GROVER CLEVELAND IS DEAD:
Former U.S. President Grover Cleveland
, who was elected to two non-consecutive terms as the nation's chief executive, died at about 9:30 a.m. Wednesday, according to today's New York Times. [The paper printed no photograph on the front page. It devoted three inside pages to Cleveland; the photograph above showing the former president with one of his sons was on Page 3.] The coverage in the Times includes an article about his speechmaking, referring to his "trenchant utterances." That article refers to Cleveland's celebrated phrase: "innocuous desuetude," which William Safire discussed in this article
. The article hints at how presidential campaigns have changed in a MASSIVE WAY. Consider this sentence:During one of the two brief speeches which he delivered in the campaign preceding his first election to the Presidency, he had something to say regarding the tariff...
He delivered only TWO BRIEF SPEECHES during the entire campaign????!!!! These days, of course, that's done before lunch on any given campaign day.
Another interesting item in the coverage notes that Cleveland left only a small estate for his family. The article began, "Contrary to popular belief, Mr. Cleveland was a poor man."
He and his wife shared a post-Presidential income of about $10,000. In today's money, that's about $200,000, so "poor" really doesn't fit. Still, his situation contrasts with that of more recent former presidents. A friend told the Times, "He would not accept anything from his friends; he was extremely proud on that score, but those who knew him best knew that his circumstances worried him not a little."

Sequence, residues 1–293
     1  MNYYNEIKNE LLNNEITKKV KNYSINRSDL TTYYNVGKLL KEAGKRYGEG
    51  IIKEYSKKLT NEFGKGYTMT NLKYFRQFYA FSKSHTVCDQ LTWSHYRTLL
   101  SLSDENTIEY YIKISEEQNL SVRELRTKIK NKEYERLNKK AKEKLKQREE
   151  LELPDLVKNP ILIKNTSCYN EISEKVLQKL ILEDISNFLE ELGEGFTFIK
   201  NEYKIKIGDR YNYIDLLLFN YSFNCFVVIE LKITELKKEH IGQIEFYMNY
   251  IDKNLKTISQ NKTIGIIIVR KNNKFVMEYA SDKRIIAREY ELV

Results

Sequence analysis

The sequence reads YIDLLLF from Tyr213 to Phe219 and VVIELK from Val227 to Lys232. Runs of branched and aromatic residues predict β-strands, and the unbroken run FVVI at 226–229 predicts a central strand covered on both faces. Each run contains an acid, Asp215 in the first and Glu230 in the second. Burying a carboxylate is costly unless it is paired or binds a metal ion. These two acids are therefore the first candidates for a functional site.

He was 71.IMMIGRANT STUDENTS TOLD THEY MUST THINK OF THOSE WHO FOLLOW THEM TO THESE SHORES:
The Baron de Hirsch Preparatory School for Immigrant Children graduated 52 students yesterday. All students, according to The New York Times, "number their residence in this country by months only." The paper notes that the graduation exercise at the school (named for Maurice de Hirsch, right)
"showed the proficiency they had attained in the English language by essays and recitations."
One of the speakers, Dr. David Blaustein, former director of the Educational Alliance, posed a rhetorical question to the students:In Russia you have to serve eight years in the army, here eight years in the schools. Which is better?
The students answered on cue with "School."
He continued:"Well, if you are better off here remember that in every session for the last ten years, Congress has had the subject of immigration before it. They say there are too many immigrants, and if ever a single immigrant becomes a criminal agitation begins to shut out all immigrants. So a responsibility rests with you to behave as not to shut out from the country the millions who may yet come here."
Labels: immigration, politics